How Feeders Can Make Your Life Easier

November 27th, 2015


Have you ever considered installing a horse feeder in your barn? Horse feeders come in many different shapes and sizes, but they all have one thing in common – they can make your life easier! If you’re not yet considering buying a horse feeder for your barn, then these reasons might make you want to start thinking it over…

Slow a Horse’s Food Consumption

Feeders can slow your horse’s overall food consumption by feeding him smaller meals spaced out throughout the day. When your horse eats feed, particularly grain, in smaller portions, he retains more of its nutritional value. These small meals help to keep food moving through your horse’s digestive system in a more natural fashion than the standard feeding of two or three meals a day provides.

Feed Your Horse When You’re Not Home

Do you ever feel like you’re tied to the barn because you need to be around to feed the horses at certain times? Investing in an automatic feeder removes this restriction and allows you to go out to run errands or travel while knowing that your horses will receive their meals on time back at home.

Set Up Meals Quickly

When you have the luxury of an automatic feeder which can feed out certain portions, preparing your horse’s meals is a snap. There’s no more pre-measuring; you just need to pour the feed into the feeder and let it take care of the rest.

Prevent the Risk of Sand Colic

When you feed your horse from a pan on the ground in his pasture, he’s sure to spill feed over the sides. In picking up this feed, he may ingest sand and dirt, putting him at risk of sand colic. Using a feeder to feed your horse helps to prevent your horse from contracting sand colic.

Reduce Waste and Feed Bills

Horse feeders help to minimize spilled and wasted feed. This means that your horse gets more of each meal, and that you need to invest in less feed. Your feed bills go further every month.

Keep Your Horse on a Schedule

Horses thrive on schedule, especially when it comes to meals. Keeping your horse on a feeding schedule can help to keep his digestive system healthy, reducing the risk of issues like ulcers and colic. The ability to keep your horse on a regular feeding schedule can be particularly important when you have a horse who is sensitive to schedule and feeding changes.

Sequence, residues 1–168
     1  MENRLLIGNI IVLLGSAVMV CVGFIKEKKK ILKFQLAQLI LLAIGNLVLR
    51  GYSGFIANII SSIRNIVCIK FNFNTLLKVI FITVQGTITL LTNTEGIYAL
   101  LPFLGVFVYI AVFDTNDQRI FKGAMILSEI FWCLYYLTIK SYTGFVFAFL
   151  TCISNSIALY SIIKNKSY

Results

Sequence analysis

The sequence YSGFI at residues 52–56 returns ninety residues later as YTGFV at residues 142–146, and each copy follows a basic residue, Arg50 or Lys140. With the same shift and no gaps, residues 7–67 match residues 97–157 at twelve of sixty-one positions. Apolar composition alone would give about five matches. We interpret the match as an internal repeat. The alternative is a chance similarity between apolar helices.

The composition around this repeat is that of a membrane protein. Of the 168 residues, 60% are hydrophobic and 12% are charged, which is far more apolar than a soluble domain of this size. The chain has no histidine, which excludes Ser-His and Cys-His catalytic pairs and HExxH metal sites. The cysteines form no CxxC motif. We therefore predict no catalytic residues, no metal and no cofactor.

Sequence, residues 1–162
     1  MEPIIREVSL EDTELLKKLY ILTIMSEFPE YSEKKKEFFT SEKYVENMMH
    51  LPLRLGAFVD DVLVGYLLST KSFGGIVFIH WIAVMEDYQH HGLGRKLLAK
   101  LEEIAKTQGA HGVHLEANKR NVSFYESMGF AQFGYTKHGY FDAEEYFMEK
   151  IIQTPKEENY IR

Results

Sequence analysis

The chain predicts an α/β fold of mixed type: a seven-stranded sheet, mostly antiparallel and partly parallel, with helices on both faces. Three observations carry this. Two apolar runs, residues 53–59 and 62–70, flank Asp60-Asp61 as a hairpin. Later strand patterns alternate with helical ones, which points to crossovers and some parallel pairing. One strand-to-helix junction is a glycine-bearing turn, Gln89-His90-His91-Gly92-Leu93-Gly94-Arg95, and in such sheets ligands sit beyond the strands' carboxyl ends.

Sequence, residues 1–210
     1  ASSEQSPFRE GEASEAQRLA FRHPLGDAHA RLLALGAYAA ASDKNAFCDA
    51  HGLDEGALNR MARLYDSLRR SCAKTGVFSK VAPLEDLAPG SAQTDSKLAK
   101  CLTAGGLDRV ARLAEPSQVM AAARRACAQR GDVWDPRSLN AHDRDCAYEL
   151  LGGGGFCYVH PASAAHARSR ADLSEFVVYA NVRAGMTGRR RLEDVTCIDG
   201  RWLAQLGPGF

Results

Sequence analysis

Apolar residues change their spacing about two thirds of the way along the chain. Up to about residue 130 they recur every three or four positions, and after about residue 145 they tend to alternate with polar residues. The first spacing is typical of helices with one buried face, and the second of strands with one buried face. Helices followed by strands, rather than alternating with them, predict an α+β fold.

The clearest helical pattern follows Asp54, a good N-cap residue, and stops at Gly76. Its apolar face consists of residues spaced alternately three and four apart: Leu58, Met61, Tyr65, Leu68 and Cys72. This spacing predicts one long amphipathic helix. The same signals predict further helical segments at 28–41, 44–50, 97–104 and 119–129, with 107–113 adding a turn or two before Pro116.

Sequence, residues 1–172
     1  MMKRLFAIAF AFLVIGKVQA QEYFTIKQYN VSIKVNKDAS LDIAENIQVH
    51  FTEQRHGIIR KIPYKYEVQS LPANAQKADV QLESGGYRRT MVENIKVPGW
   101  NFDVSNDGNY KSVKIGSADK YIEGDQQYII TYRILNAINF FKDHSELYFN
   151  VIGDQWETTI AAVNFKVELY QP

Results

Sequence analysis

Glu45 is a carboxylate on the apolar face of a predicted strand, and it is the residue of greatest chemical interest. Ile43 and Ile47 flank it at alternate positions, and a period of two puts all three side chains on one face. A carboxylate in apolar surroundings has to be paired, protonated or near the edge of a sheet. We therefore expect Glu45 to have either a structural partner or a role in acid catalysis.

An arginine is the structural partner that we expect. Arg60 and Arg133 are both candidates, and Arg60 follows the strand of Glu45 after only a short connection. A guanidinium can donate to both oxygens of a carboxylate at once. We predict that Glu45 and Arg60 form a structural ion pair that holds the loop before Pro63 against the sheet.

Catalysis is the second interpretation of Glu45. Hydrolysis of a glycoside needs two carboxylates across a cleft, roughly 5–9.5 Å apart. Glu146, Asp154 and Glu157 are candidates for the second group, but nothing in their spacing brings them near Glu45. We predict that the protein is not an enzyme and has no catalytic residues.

Horse feeders free up the time that you would typically spend feeding your horses, allowing you to dedicate your time to other activities. Horse feeders can definitely make your life easier, and you’ll want to consider adding at least one to your pastures or barn!

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Reasons to Be Thankful You’re a Horse Person

November 26th, 2015

Young woman hugging her horse

With Thanksgiving upon us, it’s time to be grateful and give thanks! When you think about it, we’re all pretty lucky that we’re horse people. This Thanksgiving, let’s take a look at the reasons we have to be thankful that we’re horse people!

We Have Equine Therapists

Who’s lucky enough to have a therapist of their very own? Horse people are, and our therapists even have four legs. All jokes aside, horses are wonderful stress relievers, and heading out for a ride is a great way to forget about your concerns for a bit.

Riding Makes Staying Fit Fun

Anyone who cares for a horse or heads out for a ride knows full well the physical demands of this sport. From hauling feed and hay to convincing your horse to stop bucking at the canter, equestrians have to be strong and physically fit. Riding is a whole lot more fun than heading to the barn – we’ll take horses over a treadmill any day!

We Always Continue to Learn